A year later, A's still in limbo

Did you hear the news about the possible relocation of the Athletics? If not, don't worry; the news isn't new:

    Baseball commissioner Bud Selig met with Oakland Athletics officials on Sunday in regard to a new stadium but said there is no timetable on when a committee he formed to study the issue will put forth a recommendation on how to proceed.

    "There is no question that the A's cannot compete [financially] in the venue they're in," Selig said, referring to the team's longtime home, the Oakland-Alameda County Coliseum.

    Selig met with San Francisco Giants officials a week ago to discuss territorial rights. The Athletics have considered a move to San Jose, among other Bay area locations. The Giants currently have a Class A team in San Jose.

    "There still is information we are looking for. It is a complicated process with a lot of complex issues and is time-consuming," Selig said. "But we would still like to move as expeditiously as possible."

Perhaps. But "expeditiously as possible" can mean whatever you like.

As Craig writes, it's now been a year since Selig formed his committee ...

    One year. The Allied powers figured out how the post-war partition of Europe was going to go down in less time. The Bretton Woods conference established the system that kept financial order for 60 years in less time. It didn't take too much more than a year to get a man in space after the formation of NASA. You'd think that a handful of people could figure out how to properly dispose of a baseball team in that time frame.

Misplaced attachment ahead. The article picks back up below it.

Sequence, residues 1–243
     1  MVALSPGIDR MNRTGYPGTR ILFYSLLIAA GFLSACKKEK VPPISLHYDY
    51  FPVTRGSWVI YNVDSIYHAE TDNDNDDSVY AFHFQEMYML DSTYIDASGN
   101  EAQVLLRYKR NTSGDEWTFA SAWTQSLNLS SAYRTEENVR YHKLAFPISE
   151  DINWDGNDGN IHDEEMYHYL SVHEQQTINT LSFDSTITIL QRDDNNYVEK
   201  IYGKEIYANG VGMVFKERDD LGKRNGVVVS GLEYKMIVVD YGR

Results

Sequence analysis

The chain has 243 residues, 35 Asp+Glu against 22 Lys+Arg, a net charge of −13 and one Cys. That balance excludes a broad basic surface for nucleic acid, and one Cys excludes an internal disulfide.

They could, and I suspect that they have. A handful of people could also fix Social Security and Medicare, too. I mean that quite seriously. A dozen reasonably informed people could come up with changes that would keep both programs in clover for decades to come, with no meaningful impact on anyone's actual health or general happiness.

I'm very serious about this. It really is that simple.

Ah, but the politics. Change is scary, and politicians love to scare the bejeebers out of gullible, ignorant citizens (of whom there are many millions).

Well, it's sort of the same thing in baseball. It should be 29-to-1; you can hardly blame the Giants for wanting to keep the A's out of San Jose. But it's not 29-to-1, because some of the other clubs are afraid of setting a precedent, and also because the Giants (presumably) have some favors they can call in. And despite the impression you might sometimes get, Bud Selig can't just do whatever he likes.

It's been a year (and counting) not because Selig's committee can't come up with a reasonable recommendation regarding the future of the Athletics. It's because Selig knows what that recommendation is (or will be), but hasn't yet been able to garner the support from enough owners to implement the recommendation.

This situation will be resolved, eventually. But there's still a great deal of horse-trading and arm-twisting to be done, and the Commissioner's no longer a young man.